Ahmadinejad is also appointing women to his cabinet, in a direct rebuff to fundamentalist ayatollahs who are demanding, on orthodox religious grounds, that women not hold senior positions in Iran’s government. He successfully appointed a female loyalist as health minister and is expected to nominate women as ministers of welfare and education, even though his previous female nominees to those cabinet positions were recently turned down by parliament.

Iranian sources have indicated that Ahmadinejad is using the IRGC and its paramilitary wing, the Basij, to centralize power within the executive branch. The upper ranks of the IRGC and Basij served as training grounds for many of the increasingly secular militants now in power, including the president himself, who was an influential Basij organizer while studying at the University of Tehran. During Ahmadinejad’s first term, the IRGC used its presidential connections to acquire major financial stakes in important industrial sectors that were being privatized. In exchange for helping Ahmadinejad by intimidating clerics and ordinary citizens, the IRGC and Basij are only deepening their hold over the Iranian economy, and it is growing increasingly difficult to untangle the IRGC’s economic interests from its national security role. The prospect of ostensibly private companies working closely with the executive branch could strengthen the president’s hand.

But this is Iran, where politics have become a blood sport; this game is far from over. Khamenei will likely seek to wrest back authority via fundamentalist members of the judiciary and parliament. However, the new judiciary chief, Sadeq Larijani, has political ambitions of his own and so might chart a course between the supreme leadership and presidency. Likewise, the parliament is headed by Sadeq’s elder brother Ali, who previously served as Iran’s nuclear negotiator with the International Atomic Energy Agency. The Larijani family is known to have its own public base of support independent of both the weakened supreme leader and the autocratic president. Ali Larijani in particular has been critical of both Khamenei and Ahmadinejad in the recent election fiasco. Many Iranians expect the 51-year-old Ali to remain a political moderate in order to emerge as a major candidate for the presidency in 2013. So far, however, the supreme leadership, judiciary, and parliament have only mitigated, not prevented, Ahmadinejad’s growing authority.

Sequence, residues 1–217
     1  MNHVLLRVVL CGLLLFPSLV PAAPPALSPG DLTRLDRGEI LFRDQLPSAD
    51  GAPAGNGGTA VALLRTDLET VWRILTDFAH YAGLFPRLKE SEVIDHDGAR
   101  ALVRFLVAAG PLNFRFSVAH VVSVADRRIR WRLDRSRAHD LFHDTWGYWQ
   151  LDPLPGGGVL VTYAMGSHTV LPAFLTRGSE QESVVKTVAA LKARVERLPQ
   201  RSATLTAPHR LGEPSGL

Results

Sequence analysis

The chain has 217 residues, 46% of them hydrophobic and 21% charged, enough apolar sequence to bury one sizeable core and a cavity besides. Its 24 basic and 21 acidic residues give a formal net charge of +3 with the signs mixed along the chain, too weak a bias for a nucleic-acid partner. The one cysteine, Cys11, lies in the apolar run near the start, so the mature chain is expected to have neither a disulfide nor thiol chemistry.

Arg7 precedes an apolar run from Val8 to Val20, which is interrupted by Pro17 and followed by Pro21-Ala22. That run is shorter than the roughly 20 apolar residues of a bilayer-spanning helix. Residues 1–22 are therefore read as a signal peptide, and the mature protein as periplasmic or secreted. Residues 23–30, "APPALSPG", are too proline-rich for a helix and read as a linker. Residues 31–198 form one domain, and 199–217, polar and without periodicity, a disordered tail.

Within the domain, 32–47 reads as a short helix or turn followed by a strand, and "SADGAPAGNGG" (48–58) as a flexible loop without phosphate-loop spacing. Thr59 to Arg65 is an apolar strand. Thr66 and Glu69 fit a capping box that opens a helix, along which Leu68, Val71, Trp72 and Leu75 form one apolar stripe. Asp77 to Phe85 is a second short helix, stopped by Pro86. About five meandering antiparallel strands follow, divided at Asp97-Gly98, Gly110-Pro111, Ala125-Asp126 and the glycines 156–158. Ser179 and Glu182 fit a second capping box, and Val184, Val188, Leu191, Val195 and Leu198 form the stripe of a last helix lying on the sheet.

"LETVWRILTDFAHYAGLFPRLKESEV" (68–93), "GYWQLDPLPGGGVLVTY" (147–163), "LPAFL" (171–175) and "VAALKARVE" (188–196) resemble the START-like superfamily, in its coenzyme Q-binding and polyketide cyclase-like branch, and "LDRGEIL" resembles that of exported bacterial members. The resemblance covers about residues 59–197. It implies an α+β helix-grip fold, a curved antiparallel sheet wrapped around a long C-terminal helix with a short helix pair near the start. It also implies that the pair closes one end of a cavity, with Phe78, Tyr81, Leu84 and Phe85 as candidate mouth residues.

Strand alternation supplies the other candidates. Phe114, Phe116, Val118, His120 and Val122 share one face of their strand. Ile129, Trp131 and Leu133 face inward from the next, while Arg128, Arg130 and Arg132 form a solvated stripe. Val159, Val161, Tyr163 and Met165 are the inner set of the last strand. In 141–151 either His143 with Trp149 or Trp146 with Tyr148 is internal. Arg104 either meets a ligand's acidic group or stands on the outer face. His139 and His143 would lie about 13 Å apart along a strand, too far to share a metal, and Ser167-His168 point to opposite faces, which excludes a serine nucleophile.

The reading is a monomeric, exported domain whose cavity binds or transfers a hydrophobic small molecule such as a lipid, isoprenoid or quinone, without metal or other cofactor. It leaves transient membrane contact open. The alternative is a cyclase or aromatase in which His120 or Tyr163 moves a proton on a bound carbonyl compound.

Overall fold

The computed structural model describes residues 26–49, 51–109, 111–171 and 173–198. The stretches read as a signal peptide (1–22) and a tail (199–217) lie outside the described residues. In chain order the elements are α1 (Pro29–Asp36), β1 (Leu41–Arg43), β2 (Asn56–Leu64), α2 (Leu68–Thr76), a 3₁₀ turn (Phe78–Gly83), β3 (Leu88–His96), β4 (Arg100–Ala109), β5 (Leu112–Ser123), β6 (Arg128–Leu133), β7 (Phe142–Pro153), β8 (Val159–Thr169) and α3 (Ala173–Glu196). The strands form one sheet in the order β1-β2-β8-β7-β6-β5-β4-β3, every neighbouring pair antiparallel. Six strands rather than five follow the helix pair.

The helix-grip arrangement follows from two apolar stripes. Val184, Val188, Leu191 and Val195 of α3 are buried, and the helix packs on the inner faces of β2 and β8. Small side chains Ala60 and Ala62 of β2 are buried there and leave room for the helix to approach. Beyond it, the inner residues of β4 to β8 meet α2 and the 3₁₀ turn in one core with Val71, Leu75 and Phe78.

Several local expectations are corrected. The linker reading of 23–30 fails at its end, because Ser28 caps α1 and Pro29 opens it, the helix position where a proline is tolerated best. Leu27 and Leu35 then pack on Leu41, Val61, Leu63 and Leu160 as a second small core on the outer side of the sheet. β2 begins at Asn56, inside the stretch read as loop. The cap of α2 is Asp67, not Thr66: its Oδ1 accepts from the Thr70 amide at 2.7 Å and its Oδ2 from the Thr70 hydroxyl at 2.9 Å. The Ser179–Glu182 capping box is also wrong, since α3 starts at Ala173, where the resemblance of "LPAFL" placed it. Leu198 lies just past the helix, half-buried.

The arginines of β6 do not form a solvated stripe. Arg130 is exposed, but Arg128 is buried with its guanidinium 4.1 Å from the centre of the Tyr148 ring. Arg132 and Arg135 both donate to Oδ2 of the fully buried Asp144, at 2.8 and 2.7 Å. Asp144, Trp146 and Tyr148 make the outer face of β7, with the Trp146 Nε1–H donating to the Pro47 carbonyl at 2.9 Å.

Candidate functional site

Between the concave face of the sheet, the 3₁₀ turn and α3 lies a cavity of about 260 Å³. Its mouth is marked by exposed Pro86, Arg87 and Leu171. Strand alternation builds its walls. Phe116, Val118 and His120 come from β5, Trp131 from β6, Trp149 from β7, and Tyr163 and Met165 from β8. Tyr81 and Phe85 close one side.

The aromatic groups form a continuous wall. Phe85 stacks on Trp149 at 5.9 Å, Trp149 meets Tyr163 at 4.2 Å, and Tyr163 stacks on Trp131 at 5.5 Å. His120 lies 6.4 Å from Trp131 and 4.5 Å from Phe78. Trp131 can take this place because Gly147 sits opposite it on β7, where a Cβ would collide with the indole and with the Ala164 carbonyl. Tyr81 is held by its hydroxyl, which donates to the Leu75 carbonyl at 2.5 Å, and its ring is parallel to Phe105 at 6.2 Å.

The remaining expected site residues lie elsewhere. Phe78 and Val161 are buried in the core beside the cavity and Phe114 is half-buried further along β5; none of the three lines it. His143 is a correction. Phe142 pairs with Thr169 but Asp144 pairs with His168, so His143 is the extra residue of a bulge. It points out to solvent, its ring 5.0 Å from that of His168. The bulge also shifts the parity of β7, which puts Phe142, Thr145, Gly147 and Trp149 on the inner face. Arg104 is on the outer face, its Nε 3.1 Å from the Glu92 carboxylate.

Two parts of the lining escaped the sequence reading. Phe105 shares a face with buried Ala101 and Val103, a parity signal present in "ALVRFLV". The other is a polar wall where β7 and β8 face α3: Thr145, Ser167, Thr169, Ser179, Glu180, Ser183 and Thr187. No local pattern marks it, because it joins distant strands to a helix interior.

Activist mullahs such as Grand Ayatollah Lotfollah Safi Golpayegani, Ayatollah Ahmad Jannati (originally another mentor of the president), and Ahmad Khatami have been critical of Ahmadinejad’s secularist official appointments, elevation of women to high-ranking posts, and disregard of the supreme leader’s directives. They and other fundamentalists are coming together, despite past differences, to fight back, and will work through the Guardian Council, the conservative wing of the Assembly of Experts, and hard-line clerical associations to thwart the president if possible. So too will more moderate clerical politicians like Ali Akbar Hashemi Rafsanjani, Mohammad Khatami, and Mehdi Karroubi, who once also were part of Iran’s Islamic Revolution but have gradually united with ordinary Iranians to oppose both fundamentalism and autocracy.

But for now, the president and his supporters are on their way toward creating an imperial presidency bereft of both theocratic and democratic oversight. The announcement of comprehensive talks between Iran and major world powers in October has only strengthened Ahmadinejad’s hand, especially given that what the West really wishes to discuss — Iran’s nuclear program — is not up for negotiation. As prominent Iranians like the sociopolitically moderate Grand Ayatollah Hossein Ali Montazeri and activist Faezeh Hashemi Rafsanjani — daughter of the former president and a former parliamentarian herself — have cautioned fearfully, the Islamic Republic of Iran under Ahmadinejad "soon will be neither Islamic nor a republic."

Yet Ahmadinejad’s imperial presidency is far from a done deal. The competing groups of secular radicals, theocratic fundamentalists, and clerical moderates might end up neutralizing each other’s influence over Iranian politics. Consequently, factional struggles within the fragmenting revolutionary hierarchy may very well benefit the re-emergence of democracy in Iran by generating public space for secular, moderate politicians. Ahmadinejad’s play for an imperial presidency could end up leading to a very different future for Iran than he imagines.